Fires, floods and snow: BC Hydro battling extreme conditions to keep power in the Peace
Unusual weather in 2016 has caused frequent power outages for people in Dawson Creek and Fort St. John
Between an early fire season, flooding and record-setting snowfalls, it's been a struggle to keep the lights on in B.C.'s northeast this year.
Extreme weather has repeatedly knocked out electricity to the Peace region and B.C. Hydro has changed the way it manages its crews in an effort to keep the lights on.
"We're watching those weather forecasts much more closely," said BC Hydro community relations manager Bob Gammer.
He said Hydro now preemptively sends crews to areas that look like they could lose power as bad weather approaches.
"The Pine Pass is the only route, highway-wise, in B.C. to get to the Peace," he said. "So rather than find that the highway is cut off temporarily, we've got some bodies up into the region ahead of that."
Gammer said there are local crews and contractors in the northeast, but when extreme weather hits, Hydro calls in backups from other parts of the province.
The new model is not limited to B.C.'s northeast, but it is a part of the province that has been plagued by power outages this year.
Extreme weather in 2016
In April, an early fire season cut off electricity to 2,800 customers as flames burned through 16 power poles.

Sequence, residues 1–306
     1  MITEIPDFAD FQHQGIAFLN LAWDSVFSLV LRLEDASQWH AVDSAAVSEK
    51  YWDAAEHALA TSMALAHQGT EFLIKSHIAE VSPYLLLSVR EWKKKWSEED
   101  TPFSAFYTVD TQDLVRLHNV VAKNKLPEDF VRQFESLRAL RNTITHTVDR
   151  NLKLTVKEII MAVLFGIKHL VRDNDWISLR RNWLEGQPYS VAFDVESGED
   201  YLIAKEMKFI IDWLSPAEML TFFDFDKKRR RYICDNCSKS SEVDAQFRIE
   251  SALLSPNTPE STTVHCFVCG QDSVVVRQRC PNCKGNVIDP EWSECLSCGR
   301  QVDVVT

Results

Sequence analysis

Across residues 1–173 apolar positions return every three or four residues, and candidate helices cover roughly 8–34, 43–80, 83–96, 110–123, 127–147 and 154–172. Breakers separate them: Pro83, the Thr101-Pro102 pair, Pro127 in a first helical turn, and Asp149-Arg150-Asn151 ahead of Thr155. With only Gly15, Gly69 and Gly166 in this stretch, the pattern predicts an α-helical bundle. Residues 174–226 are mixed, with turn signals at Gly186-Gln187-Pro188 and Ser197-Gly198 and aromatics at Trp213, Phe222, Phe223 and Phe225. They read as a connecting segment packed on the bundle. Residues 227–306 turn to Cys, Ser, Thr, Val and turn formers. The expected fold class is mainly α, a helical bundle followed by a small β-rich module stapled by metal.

In June, heavy rain washed out the highway connecting northeast B.C. to the rest of the province, and electricity for thousands of customers was lost as flooding damaged power lines.
A lightning strike in September left virtually the entire region without power for several hours, and, on October 1, a record-setting snowfall knocked trees onto power lines, leaving 3,800 customers in the dark.
"I was basically about two hours away from serving a giant catering order when all the power went out," said Judah Koile of the weekend's outage. Koile runs the Beam coffee shop and catering in downtown Fort St. John.
When the power goes out so do we- Judah Koile
"Every time the power goes off we have to shut off the tills. We have to shut down the debit machine. My induction burners don't work. My confection oven doesn't work ... when the power goes out, so do we."
Koile estimates he deals with about one outage a week, although he said most only last about an hour.
Gammer said there is no one cause for all the outages, and so it is tough to put anything in place to prevent them.
"We've had wind storms. We've had animal contacts. We've had, as I say, equipment failures," he said. "So a number of different causes."
To hear the full story click on the audio labeled 'BC Hydro battling changing weather to keep power in the Peace.'